Kirby-Bauer disc diffusion method [13] as recommended by the Clinical and Laboratory Standards Institute [7] was used to determine the in vitro susceptibility of the identified E. coli isolates to gentamicin (GM) 10 μg, ciprofloxacin (CIP) 5 μg, ceftriaxone (CRO) 30 μg, ampicillin (AMP) 10 μg, and cotrimoxazole (SXT) (trimethoprim-sulphamethoxazole) 25 μg. A standardized suspension of the isolated E. coli was prepared by inoculating a colony into 10 mL peptone water and incubated at 37°C for 24 hours. It was then diluted to 0.5 MacFarland turbidity standards. A sterile swab was dipped into the standardized inoculum and used to inoculate evenly the surface of already prepared Mueller-Hinton agar (Oxoid Basingstoke, UK). The agar was left for 15 minutes for the surface moisture to dry. A multichannel disc dispenser (Oxoid, Basingstoke, UK) was used to deposit the antibiotics discs onto the surface of the inoculated medium. The plate was then incubated at 37°C for 18 hours. The zones of growth inhibition were recorded. The method was replicated three times and the mean zones of inhibition compared with figures (Table 1) provided by the Clinical and Laboratories Standards Institute [13]. Escherichia coli ATCC 25922 was used as control.

tab1
Table 1: Acceptable susceptible zone of inhibition values for antibiotics used based on *CLSI.

3. Results and Discussion

A total of 150 (lactose fermenter) isolates recovered on MacConkey agar (Oxoid, Basingstoke, UK) were suspected to be E. coli. These were screened through the various microscopic examination and biochemical reactions. E. coli isolates were identified from the various locations (benches, floor, door handles and drainages, male, female, and pediatrics wards) in the three hospitals (Figure 1). A total of 97 isolates from the three hospitals were confirmed as E. coli.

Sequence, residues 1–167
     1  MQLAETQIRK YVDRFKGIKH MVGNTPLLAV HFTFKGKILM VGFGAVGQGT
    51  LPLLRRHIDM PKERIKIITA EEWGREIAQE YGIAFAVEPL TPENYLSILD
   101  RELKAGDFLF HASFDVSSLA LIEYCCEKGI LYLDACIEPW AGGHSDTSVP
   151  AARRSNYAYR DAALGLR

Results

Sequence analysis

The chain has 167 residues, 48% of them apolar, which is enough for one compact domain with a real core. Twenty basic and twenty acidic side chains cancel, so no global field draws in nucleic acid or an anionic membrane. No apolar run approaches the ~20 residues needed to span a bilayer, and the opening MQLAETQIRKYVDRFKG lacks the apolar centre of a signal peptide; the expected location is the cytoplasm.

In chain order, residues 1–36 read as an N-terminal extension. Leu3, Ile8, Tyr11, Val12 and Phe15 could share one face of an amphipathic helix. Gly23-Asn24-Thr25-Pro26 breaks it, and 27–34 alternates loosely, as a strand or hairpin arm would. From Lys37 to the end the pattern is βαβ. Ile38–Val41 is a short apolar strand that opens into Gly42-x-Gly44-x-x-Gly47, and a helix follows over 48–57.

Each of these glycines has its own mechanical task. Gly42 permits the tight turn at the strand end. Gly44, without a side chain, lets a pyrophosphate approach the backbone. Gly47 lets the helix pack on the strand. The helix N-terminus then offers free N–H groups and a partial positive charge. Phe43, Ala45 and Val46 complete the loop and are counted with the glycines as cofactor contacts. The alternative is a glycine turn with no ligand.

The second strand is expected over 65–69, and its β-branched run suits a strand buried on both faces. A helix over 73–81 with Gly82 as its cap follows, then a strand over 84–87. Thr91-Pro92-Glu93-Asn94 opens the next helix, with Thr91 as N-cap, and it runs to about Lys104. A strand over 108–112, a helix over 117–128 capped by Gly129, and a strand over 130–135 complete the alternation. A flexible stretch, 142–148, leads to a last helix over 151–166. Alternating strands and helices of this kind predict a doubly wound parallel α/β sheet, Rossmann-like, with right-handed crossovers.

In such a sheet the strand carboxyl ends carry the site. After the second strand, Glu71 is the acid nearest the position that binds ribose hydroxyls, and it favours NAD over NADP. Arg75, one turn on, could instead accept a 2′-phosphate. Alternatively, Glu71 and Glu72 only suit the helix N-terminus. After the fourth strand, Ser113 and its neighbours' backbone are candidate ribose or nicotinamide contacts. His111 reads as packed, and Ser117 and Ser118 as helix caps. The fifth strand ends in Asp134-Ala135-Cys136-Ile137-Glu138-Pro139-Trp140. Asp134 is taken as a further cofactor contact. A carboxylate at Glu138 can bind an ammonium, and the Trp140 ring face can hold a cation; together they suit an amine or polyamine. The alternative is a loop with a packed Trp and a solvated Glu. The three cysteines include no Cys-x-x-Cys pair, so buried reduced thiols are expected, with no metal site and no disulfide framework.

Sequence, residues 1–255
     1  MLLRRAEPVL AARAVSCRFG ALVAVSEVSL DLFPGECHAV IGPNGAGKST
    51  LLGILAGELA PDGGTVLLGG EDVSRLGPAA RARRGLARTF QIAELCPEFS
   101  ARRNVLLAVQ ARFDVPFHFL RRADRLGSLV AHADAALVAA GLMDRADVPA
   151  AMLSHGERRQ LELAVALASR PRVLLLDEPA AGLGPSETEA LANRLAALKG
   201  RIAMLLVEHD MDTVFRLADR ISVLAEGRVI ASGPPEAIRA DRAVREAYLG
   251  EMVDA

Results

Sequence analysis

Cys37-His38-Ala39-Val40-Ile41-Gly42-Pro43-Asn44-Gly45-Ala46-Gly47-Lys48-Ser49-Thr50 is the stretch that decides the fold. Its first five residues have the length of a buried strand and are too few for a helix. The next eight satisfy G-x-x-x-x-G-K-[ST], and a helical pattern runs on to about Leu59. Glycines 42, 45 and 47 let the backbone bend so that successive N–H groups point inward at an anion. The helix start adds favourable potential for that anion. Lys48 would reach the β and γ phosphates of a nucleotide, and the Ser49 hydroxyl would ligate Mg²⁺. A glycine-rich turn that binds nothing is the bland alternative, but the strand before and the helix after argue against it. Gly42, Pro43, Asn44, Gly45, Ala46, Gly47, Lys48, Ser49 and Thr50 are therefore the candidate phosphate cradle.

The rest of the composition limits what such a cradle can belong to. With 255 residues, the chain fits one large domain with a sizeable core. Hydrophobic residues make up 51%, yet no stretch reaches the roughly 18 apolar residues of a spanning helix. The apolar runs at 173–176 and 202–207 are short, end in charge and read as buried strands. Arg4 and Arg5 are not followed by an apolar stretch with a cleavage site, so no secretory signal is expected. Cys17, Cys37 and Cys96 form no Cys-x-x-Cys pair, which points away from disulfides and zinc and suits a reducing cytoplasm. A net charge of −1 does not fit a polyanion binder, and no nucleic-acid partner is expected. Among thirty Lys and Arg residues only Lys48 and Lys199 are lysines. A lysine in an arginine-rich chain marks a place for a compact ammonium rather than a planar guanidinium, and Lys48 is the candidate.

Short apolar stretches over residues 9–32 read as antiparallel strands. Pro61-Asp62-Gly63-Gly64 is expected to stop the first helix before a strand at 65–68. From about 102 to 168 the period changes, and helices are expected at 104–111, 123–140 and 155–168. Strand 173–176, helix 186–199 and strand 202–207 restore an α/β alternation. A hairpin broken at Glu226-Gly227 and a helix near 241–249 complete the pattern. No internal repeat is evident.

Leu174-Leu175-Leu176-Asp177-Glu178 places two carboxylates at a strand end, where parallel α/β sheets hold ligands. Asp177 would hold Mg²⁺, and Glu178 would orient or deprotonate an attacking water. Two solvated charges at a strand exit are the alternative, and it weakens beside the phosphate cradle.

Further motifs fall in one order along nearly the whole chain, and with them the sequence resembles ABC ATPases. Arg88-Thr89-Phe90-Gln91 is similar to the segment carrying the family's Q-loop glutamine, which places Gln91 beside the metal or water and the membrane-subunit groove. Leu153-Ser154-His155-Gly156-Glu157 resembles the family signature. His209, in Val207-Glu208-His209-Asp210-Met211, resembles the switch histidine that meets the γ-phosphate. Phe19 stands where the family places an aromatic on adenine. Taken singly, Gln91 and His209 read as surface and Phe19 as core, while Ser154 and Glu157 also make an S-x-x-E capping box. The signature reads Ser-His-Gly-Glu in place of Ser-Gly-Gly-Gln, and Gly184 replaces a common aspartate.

658470.fig.001
Figure 1: Distribution of E. coli isolates within the three hospitals: Kumasi South, Tafo and Suntreso hospitals, Kumasi, Ghana.

Jarvis and Martone [14] reported that E. coli as the most common nosocomial pathogen in some hospitals in the United States. Also, E. coli has been reported to be among the most frequent isolates in hospitals in Ethiopia [15].

Among the three hospitals from which the samples or swabs were taken, E. coli isolates were widely distributed in various locations throughout the three hospitals for which samples were analyzed (Table 2).

tab2
Table 2: Number of samples containing E. coli isolates in the swabs/samples taken from the three hospitals.

About 90% of the E. coli isolates exhibited resistance to ampicillin while 6.2 and 3.1%, respectively, showed intermediate and sensitive. For cotrimoxazole (trimethoprim-sulphamethoxazole), 78.4% of the isolates were resistant while 9.3 and 12.3% intermediate and sensitive responses. Between 26.8 to 46.4% of the E. coli isolates also showed resistance to gentamicin, ciprofloxacin, and ceftriaxone, while 14.4 to 47.4% gave intermediate responses. Ceftriaxone, ciprofloxacin, and gentamicin sensitive isolates were also in the range of 23.7 to 39.2% (Figure 2).

658470.fig.002
Figure 2: Antibiotic sensitivity patterns of E. coli isolates to reference antibiotics determined by Kirby-Bauer agar disc diffusion method and the mean zones of inhibition compared with the values provided by the Clinical and Laboratory Standards Institute [7].